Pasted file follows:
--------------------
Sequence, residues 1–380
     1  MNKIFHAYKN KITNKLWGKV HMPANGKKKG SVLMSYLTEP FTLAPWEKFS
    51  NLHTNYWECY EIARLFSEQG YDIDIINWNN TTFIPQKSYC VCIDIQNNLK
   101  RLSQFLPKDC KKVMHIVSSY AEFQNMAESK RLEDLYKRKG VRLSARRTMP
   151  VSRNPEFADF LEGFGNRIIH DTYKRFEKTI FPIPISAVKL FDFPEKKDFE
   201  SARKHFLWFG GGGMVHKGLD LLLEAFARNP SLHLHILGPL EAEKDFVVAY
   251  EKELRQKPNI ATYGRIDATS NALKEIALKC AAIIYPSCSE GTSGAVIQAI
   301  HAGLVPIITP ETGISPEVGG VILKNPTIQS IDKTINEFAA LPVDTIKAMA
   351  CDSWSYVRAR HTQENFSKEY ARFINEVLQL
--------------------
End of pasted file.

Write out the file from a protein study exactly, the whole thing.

Sequence, residues 1–380
     1  MNKIFHAYKN KITNKLWGKV HMPANGKKKG SVLMSYLTEP FTLAPWEKFS
    51  NLHTNYWECY EIARLFSEQG YDIDIINWNN TTFIPQKSYC VCIDIQNNLK
   101  RLSQFLPKDC KKVMHIVSSY AEFQNMAESK RLEDLYKRKG VRLSARRTMP
   151  VSRNPEFADF LEGFGNRIIH DTYKRFEKTI FPIPISAVKL FDFPEKKDFE
   201  SARKHFLWFG GGGMVHKGLD LLLEAFARNP SLHLHILGPL EAEKDFVVAY
   251  EKELRQKPNI ATYGRIDATS NALKEIALKC AAIIYPSCSE GTSGAVIQAI
   301  HAGLVPIITP ETGISPEVGG VILKNPTIQS IDKTINEFAA LPVDTIKAMA
   351  CDSWSYVRAR HTQENFSKEY ARFINEVLQL